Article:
HWP stands for height weight proportional. It is something of a '90s acronym, often used in personal ads to indicate the person is not overweight. It likely is used in place of actual height and weight figures both to save space and to preserve privacy but also because merely noting height and weight does not always convey whether a person is in good shape.
Weight is Not the Whole Story
A man who is 5 feet, 9 inches tall sounds heavy at 175 lbs., but it wouldn’t be at all uncommon for someone very fit who does bodybuilding. Muscle weighs more than fat given the same volume--a liter of muscle weighs about 1.06 kg, and that same volume of fat weighs only 0.9 kg. So that 175 lbs. could be a belly of blubber or biceps of steel.
Women sometimes have tried to explain their weight by saying they have “heavy bones.” There is an extremely rare medical condition called osteopetrosis, in which the bones appear dense on an X-ray and break easily. Older women can lose some weight because of osteoporsis, in which there are tiny holes in the bones that make them lighter and more brittle. Bones that support strong muscles do increase in density; however, the chances of bone density being the defining factor in weight is not high.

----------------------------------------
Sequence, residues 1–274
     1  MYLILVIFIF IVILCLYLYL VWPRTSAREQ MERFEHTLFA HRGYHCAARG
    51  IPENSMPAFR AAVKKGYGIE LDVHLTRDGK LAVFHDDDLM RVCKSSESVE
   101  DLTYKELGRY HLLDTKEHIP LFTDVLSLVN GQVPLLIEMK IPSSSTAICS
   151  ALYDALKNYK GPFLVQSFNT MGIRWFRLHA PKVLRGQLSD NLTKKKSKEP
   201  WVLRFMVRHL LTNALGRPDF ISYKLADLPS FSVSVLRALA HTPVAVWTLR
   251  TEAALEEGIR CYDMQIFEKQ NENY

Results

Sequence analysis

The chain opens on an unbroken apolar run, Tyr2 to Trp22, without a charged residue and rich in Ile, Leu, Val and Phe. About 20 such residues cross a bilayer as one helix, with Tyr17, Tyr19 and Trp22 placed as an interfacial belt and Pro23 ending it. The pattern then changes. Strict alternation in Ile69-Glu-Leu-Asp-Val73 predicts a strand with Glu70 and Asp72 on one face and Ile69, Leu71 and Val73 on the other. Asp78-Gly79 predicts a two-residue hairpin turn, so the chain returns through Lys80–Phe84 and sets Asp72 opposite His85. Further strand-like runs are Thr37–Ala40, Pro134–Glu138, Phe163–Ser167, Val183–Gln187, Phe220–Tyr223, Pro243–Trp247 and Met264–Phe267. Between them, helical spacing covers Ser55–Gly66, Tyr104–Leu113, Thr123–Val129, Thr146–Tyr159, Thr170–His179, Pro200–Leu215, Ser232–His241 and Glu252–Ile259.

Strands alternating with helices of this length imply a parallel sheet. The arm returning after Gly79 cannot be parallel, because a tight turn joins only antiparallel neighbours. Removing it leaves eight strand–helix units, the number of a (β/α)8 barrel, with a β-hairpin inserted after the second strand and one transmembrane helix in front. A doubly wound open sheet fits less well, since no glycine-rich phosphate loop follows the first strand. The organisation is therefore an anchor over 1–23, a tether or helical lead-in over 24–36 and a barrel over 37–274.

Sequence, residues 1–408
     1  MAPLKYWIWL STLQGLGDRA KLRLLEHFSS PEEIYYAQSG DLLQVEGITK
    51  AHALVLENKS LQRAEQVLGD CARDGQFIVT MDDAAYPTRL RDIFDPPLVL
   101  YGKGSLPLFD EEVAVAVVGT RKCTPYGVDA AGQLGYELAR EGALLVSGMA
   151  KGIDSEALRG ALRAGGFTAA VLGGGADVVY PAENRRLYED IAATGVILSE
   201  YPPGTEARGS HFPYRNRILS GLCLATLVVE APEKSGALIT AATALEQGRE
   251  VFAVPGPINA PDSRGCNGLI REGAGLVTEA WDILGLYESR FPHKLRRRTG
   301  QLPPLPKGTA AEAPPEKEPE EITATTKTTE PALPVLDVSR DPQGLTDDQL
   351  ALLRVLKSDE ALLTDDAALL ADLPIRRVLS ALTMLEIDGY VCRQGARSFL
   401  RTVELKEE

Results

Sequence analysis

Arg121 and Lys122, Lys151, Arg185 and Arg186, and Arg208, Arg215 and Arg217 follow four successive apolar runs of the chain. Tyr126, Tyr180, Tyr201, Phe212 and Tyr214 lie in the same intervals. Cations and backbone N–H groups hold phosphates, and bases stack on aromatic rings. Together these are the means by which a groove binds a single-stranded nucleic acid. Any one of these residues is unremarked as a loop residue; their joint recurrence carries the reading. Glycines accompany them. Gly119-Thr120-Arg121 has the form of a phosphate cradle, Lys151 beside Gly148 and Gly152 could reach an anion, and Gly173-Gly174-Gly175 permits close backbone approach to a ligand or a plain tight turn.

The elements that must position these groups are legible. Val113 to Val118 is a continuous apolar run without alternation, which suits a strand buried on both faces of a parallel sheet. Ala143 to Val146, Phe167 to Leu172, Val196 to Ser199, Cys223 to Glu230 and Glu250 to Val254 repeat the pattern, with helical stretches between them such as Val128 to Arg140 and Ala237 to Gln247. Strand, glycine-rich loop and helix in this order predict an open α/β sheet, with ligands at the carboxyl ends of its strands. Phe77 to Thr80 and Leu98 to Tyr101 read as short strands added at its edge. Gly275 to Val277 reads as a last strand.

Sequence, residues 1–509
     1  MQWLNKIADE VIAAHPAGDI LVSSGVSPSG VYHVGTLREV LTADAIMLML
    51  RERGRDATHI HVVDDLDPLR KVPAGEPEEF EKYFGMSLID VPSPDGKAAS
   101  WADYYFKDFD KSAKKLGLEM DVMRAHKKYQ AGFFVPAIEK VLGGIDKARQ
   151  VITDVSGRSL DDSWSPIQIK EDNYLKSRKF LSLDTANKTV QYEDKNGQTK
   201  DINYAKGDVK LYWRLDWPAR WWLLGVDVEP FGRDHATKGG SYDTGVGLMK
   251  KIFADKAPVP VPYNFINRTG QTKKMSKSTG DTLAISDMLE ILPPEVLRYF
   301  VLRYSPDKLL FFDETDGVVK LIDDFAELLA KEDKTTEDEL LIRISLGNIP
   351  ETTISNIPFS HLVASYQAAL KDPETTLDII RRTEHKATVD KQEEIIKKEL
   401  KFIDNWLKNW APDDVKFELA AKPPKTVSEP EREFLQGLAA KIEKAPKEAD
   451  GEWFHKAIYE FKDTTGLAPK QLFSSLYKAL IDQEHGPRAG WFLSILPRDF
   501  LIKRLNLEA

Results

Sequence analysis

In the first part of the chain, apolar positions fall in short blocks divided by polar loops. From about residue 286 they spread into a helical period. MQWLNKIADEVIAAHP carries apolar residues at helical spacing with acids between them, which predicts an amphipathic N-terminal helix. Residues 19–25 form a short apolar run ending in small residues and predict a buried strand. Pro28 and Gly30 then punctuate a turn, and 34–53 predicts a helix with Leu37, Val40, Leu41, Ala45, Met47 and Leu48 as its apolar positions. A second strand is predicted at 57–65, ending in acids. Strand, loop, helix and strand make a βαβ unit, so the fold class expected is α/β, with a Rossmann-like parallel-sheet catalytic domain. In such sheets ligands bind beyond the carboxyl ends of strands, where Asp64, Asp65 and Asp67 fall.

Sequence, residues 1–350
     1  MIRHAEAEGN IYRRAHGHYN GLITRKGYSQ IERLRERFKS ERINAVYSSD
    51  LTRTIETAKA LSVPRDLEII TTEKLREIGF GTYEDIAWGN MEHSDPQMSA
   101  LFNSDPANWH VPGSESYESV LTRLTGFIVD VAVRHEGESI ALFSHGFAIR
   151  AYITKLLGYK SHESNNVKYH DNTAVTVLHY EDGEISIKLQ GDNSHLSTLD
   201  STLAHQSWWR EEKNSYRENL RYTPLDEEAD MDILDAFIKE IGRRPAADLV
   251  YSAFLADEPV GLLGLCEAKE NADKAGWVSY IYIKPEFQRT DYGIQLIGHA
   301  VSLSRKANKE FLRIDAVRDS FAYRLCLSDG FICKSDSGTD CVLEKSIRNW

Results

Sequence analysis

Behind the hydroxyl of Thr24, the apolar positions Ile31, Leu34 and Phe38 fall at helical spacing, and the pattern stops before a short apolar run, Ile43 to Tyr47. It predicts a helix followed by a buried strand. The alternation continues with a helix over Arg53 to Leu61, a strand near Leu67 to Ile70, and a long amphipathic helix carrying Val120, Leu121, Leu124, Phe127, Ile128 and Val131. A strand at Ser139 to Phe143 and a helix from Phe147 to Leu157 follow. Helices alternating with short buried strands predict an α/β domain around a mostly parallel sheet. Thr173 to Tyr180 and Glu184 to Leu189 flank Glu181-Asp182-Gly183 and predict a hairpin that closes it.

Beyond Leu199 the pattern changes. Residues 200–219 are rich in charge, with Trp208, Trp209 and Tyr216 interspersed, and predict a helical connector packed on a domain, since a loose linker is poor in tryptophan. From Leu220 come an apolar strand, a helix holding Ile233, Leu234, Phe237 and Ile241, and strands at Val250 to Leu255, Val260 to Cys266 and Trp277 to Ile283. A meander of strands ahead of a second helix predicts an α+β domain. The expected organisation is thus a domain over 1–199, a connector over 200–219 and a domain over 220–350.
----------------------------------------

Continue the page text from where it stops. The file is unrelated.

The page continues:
Taking into account height, weight and muscle, there is still another factor: shape. Bone density does matter a bit, but more important is how the bones are shaped. Frame type is important in judging whether a person is fit. Foot size does not vary exactly with height, nor does the diameter of the hips, chest or shoulders. A man with broad shoulders on a short frame will weigh more than a man with slight shoulders of the same height even if they are at the same level of fitness. Some women who try to diet down to a size 6 will never make it because they have a bone structure that’s size 10 without an ounce of flesh on them.
Judging Proper Weight
Hydrostatic weighing places a person in a tank of water to see how much water they displace. It was once considered the gold standard for determining body composition.
Weight sometimes is measured by a caliper wrapped around skin gathered at specific locations on the body. The skin-fold test can be quite accurate if done by a professional.
Body mass index (BMI) simply compares weight and height but does allow for different frame types. This is the quickest and most readily available method. The American College of Sports Medicine (ACSM) has determined that a BMI above 25 means that weight loss should be considered.
Overweight in a Thin World
According to the ACSM, more than 50 percent of people in the United States were overweight and 22 percent were obese in 2001. This carries dire medical implications. Being overweight is not uncommon, but it is a health issue. However, in terms of aesthetics, different cultures believe different ratios of fat to muscle are attractive, so the "HWP" label might be one for interpretation.